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flashing for congress to know. now it's how do we find out otherwise. is this whistle-blower in peril? >> how do you find out? what is the answer to that question? >> so we're demanding that the dni come in and produce this information by thursday. he has a couple of days to do this. if he doesn't -- i'll leave it to mr. schiff, but we're going to go through all the means that we have. chris, if we were in the minority we would be so powerless. this shows why it was so important to win the house. >> when you say all the means you have, like a finding of contempt against the dni? some sort of court order? that's the remedy, i guess. >> that's the remedy. we've done that with the attorney general, we've done that with the secretary of commerce and then it just gives you tools when it goes to court. doesn't happen as fast as you would like. a year ago we wouldn't have been able to do anything. >> eric swallow who is on both judiciary and house.
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the largest national strike in over a decade. michael moore is here to talk about the implications. don't go away.
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if you know us, we like to keep ourselves busy. it's climate week. i'm going to be moderating a climate forum with my colleague ali velshi. we'll have two nights of special shows all about climate, "climate in crisis" thursday and friday night.
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we have also just announced the live with pod fall tour starts in austin, texas, with ted cruz making stops in l.a., chicago, back here in new york. more details about that on our website, msnbc.com/withpodtour. i'm back here with eric foner. that will be a great conversation. finally, we keep a lot coming. we have a new podcast episode coming out with samantha power. harsh critic of american foreign policy who became a maker of american foreign policy. ultimately is u.n. ambassador. what it's like to go from the outside to the inside and i think it's particularly relevant without a national security adviser. that episode goes live at 3 a.m.
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today is day one of the biggest nationwide strike in 12 years. at midnight close to 50,000 members of the united auto workers hit picket lines against general motors. the associated press points out workers shut down 33 manufacturing plants in nine states across the u.s. as well as 22 parts distribution warehouses. the last time gm went on strike was back in 2007 before the
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financial crisis and the bailout. this time around the union says a strike could have been avoided had gm made their latest offer sooner. the car maker wants more health care costs while they're pushing for pay raises and to reopen closed plants like the one in wardstown, ohio. as of 5:00 this evening a spokesperson said only 2% of the contract terms had been agreed upon. quote, we have 98% of the agreement to go, it's going to take a while. one of the places affected by the strike is flint, michigan. more than 1200 workers walked off the job. michael moore, academy award winning filmmaker "roger and me" about the plant closing in flint, michigan. welcome. >> thanks for having me here. >> it's a very big strike. labor actions this size is not that common outside of the teacher uprising. what do you think sort of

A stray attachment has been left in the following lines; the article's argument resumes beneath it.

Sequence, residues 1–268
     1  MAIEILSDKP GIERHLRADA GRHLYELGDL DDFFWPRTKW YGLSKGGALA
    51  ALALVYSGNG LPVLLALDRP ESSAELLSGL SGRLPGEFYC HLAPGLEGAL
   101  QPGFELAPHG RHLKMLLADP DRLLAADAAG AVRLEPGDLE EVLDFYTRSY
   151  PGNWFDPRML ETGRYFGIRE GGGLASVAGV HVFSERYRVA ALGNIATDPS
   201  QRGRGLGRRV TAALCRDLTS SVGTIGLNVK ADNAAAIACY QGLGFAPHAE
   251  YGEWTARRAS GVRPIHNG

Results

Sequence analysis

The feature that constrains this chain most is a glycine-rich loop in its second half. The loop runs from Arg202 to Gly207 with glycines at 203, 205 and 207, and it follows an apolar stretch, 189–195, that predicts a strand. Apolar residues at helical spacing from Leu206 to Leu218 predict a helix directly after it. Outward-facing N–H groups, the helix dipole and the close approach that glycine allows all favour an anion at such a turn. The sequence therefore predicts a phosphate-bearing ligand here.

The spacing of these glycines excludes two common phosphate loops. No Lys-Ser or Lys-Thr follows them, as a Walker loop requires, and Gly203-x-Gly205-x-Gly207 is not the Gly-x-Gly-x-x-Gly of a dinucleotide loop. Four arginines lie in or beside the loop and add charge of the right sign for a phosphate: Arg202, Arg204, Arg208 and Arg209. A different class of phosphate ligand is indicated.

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americans watching this happen should think about, know about. >> let's give credit to the teachers. couple of years ago, west virginia, they started this. and i think people watched those strikes in other states and thought, yeah, why aren't we using the power that we have? there's all these givebacks, we have to cut our wages, give back our health benefits or we have to pay more. we have the deductibles. when they have the debate, they talk about people want to keep their health insurance. you know, no. which candidate, i forgot who said it, they don't like their private health insurance companies and this is a good example of how you have private insurance until the company decides, yeah, you know what? we don't really want to pay that much. >> or you should pay more. >> or you should pay more. >> right. >> or you've got to work this many extra days or months before you have full benefits, et